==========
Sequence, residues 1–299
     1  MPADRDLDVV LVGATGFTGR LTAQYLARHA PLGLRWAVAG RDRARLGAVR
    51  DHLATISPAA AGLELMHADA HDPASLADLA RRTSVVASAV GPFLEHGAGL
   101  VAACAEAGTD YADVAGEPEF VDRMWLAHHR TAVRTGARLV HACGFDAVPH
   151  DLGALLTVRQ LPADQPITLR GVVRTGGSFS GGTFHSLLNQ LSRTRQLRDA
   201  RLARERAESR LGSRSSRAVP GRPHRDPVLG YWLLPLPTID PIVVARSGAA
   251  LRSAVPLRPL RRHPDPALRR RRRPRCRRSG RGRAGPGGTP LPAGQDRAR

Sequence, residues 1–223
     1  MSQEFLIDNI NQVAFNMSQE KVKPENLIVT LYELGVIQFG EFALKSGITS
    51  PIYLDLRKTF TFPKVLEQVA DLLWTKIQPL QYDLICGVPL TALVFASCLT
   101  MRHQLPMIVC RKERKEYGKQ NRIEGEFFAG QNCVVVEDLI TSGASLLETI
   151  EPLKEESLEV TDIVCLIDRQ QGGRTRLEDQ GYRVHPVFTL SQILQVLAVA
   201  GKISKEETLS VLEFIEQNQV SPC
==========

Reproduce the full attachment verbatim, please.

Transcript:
Sequence, residues 1–299
     1  MPADRDLDVV LVGATGFTGR LTAQYLARHA PLGLRWAVAG RDRARLGAVR
    51  DHLATISPAA AGLELMHADA HDPASLADLA RRTSVVASAV GPFLEHGAGL
   101  VAACAEAGTD YADVAGEPEF VDRMWLAHHR TAVRTGARLV HACGFDAVPH
   151  DLGALLTVRQ LPADQPITLR GVVRTGGSFS GGTFHSLLNQ LSRTRQLRDA
   201  RLARERAESR LGSRSSRAVP GRPHRDPVLG YWLLPLPTID PIVVARSGAA
   251  LRSAVPLRPL RRHPDPALRR RRRPRCRRSG RGRAGPGGTP LPAGQDRAR

Sequence, residues 1–223
     1  MSQEFLIDNI NQVAFNMSQE KVKPENLIVT LYELGVIQFG EFALKSGITS
    51  PIYLDLRKTF TFPKVLEQVA DLLWTKIQPL QYDLICGVPL TALVFASCLT
   101  MRHQLPMIVC RKERKEYGKQ NRIEGEFFAG QNCVVVEDLI TSGASLLETI
   151  EPLKEESLEV TDIVCLIDRQ QGGRTRLEDQ GYRVHPVFTL SQILQVLAVA
   201  GKISKEETLS VLEFIEQNQV SPC